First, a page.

One would think 3 hours of 13 minute exposures would bring out a lot of detail, but I guess this galaxy is just too faint. This is NGC 3344, a relatively obscure spiral galaxy that is surrounded by a faint ring of stars. However, the faint ring is too faint, and did not show up in my image. Nor did a lot of other detail either. This was a disappointment. I will have to add another 3 hours some other night.
The stars came out nice and round though, no guiding errors here.
All images on this site were taken at my observatory, Skunky Acres Observatory, located at 7000 feet above sea level, high in the mountains of New Mexico. Skunky Acres gets its name from the prodigious skunk levels of the surrounding area (it was either that or Skunkapalooza).
Equipment roster: 8" F7 Planetary Newtonian Reflector 8" F4.5 Newtonian Reflector 6" Schmidt-Cassegrain (piggyback on 100mm achro) 9.25" Schmidt Cassegrain 100mm F6 Achromatic Refractor 80mm F6 Stellarvue Nighthawk II Refractor SBIG ST7 CCD DSI Pro CCD Orion Starshoot DSCI Canon 300D DSLR Lots of junky guide-scopes. and various other bits...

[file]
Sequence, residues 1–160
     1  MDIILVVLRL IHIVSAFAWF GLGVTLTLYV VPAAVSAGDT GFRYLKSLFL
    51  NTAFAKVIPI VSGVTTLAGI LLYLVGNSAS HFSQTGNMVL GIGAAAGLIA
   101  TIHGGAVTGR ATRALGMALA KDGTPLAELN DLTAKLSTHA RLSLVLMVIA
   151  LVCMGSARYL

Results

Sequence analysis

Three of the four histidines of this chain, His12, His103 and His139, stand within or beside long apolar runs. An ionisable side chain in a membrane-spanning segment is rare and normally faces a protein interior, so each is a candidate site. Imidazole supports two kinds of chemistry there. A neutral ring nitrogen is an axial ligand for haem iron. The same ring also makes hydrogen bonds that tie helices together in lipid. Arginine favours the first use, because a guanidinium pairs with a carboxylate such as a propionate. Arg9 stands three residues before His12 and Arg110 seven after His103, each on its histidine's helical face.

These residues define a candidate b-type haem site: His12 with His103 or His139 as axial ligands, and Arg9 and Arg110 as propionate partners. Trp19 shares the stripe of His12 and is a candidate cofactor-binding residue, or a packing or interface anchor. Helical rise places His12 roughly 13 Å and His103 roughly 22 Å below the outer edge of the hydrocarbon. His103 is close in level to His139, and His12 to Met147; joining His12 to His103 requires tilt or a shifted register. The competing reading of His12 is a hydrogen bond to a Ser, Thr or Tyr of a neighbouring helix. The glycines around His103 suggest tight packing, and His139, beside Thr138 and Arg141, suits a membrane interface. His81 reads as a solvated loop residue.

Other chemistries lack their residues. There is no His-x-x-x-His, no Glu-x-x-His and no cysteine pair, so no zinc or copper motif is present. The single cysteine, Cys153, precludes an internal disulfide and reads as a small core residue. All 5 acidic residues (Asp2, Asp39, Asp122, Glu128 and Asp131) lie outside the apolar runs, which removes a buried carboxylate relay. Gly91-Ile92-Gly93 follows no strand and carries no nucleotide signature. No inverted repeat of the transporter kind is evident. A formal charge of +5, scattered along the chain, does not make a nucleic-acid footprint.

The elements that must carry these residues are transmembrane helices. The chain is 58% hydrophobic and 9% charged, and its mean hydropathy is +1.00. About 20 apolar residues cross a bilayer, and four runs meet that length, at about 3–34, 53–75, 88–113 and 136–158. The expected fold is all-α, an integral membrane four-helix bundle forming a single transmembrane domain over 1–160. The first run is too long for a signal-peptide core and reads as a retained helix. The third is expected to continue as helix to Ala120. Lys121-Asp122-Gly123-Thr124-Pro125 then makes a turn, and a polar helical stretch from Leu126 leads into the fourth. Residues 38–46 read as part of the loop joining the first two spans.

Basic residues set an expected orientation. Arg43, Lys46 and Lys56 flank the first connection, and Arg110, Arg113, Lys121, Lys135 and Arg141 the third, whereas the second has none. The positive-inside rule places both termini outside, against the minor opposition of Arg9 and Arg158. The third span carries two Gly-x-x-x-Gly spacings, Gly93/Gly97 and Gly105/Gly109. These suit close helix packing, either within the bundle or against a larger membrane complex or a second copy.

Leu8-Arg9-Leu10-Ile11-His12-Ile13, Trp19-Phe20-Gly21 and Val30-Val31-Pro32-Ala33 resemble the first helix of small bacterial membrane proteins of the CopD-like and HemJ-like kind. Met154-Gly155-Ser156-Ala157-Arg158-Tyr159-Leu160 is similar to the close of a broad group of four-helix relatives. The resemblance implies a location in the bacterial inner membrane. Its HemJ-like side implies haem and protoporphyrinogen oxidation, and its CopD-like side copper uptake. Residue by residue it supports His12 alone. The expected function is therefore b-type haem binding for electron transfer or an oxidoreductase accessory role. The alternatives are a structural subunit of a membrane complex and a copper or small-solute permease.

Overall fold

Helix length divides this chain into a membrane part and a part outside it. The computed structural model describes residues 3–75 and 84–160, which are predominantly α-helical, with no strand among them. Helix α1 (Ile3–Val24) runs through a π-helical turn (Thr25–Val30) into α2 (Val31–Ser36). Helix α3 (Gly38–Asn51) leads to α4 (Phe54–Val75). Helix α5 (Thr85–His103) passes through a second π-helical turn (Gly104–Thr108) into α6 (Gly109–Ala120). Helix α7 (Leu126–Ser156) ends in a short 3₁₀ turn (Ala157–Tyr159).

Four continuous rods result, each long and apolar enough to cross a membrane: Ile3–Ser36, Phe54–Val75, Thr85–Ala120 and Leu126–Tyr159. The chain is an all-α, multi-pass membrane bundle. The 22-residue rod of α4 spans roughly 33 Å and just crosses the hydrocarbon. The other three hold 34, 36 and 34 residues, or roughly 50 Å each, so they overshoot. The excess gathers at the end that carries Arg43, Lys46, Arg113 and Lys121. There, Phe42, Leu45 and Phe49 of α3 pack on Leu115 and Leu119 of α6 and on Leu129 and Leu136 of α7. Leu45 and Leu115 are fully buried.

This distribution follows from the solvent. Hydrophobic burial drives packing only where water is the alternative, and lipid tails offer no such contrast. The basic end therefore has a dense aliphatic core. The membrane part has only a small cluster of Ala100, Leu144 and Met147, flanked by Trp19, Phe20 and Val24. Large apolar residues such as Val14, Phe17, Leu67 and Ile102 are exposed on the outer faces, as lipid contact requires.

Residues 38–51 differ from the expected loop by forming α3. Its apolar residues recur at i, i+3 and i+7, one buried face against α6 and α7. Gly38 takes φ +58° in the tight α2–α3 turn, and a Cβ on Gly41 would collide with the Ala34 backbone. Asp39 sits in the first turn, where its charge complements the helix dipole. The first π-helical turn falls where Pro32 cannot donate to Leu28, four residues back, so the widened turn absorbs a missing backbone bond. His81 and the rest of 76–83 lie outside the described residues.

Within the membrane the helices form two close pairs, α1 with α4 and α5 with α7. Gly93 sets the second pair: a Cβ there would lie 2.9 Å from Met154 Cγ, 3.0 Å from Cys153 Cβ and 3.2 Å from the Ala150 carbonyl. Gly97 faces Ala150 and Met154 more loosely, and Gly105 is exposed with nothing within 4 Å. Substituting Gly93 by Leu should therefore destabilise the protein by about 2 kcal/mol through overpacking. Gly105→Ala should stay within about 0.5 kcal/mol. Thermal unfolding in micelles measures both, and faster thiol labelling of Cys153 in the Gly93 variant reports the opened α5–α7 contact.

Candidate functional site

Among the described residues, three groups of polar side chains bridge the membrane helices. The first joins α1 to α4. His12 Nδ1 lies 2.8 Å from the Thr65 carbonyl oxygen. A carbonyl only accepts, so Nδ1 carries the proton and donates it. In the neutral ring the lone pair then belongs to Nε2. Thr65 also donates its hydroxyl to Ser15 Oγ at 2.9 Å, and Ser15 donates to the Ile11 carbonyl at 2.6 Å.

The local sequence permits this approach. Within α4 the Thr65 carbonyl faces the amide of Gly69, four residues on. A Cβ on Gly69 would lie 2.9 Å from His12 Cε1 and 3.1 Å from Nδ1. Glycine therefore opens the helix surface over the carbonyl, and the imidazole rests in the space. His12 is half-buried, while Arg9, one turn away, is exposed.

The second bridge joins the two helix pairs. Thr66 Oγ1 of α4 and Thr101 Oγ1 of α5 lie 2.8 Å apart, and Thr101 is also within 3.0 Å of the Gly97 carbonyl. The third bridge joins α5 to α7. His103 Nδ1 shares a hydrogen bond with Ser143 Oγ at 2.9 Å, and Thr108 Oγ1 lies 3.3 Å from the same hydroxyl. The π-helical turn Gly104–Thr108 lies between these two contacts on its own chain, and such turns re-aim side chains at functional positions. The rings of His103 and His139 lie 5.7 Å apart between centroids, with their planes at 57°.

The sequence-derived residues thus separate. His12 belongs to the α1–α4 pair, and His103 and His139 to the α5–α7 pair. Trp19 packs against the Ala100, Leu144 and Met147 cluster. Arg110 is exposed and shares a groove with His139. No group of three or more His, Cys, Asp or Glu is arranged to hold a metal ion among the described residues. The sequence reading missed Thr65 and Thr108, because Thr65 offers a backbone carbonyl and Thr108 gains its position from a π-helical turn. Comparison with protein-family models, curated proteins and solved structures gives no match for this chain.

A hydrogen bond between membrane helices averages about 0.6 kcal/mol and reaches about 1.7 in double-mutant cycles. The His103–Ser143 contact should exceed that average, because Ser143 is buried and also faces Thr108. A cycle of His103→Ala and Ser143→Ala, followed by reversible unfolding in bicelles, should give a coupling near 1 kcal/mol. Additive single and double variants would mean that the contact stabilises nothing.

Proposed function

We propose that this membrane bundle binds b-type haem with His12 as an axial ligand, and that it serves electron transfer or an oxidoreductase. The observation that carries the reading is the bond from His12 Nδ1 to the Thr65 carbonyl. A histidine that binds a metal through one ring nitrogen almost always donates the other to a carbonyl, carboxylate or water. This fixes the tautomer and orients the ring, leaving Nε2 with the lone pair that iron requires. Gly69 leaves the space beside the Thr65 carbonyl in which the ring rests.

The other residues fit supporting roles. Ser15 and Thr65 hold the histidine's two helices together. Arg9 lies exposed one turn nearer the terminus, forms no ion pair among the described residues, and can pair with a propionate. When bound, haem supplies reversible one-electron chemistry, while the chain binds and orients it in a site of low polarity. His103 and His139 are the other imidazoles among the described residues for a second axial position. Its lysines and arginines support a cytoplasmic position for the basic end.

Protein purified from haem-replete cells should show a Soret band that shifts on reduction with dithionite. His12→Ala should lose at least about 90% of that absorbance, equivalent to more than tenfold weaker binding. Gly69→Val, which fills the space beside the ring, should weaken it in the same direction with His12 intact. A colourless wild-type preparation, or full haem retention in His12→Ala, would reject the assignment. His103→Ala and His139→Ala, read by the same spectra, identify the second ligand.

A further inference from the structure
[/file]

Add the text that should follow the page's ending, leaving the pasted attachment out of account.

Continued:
Note: Please adjust the brightness and contrast on your monitor so that you see each bar of the color bar as a distinct shade. The darkest one should be Black (not dark gray), the lightest White.
It is critical that your monitor be adjusted properly in order to see these images correctly.
Note: Ocasionally I run images and highlight views of subjects which have a scientifically controversial nature. I do not espouse any of these ideas over the more scientifically accepted theories. I feel that a little controversy breeds healthier discussion.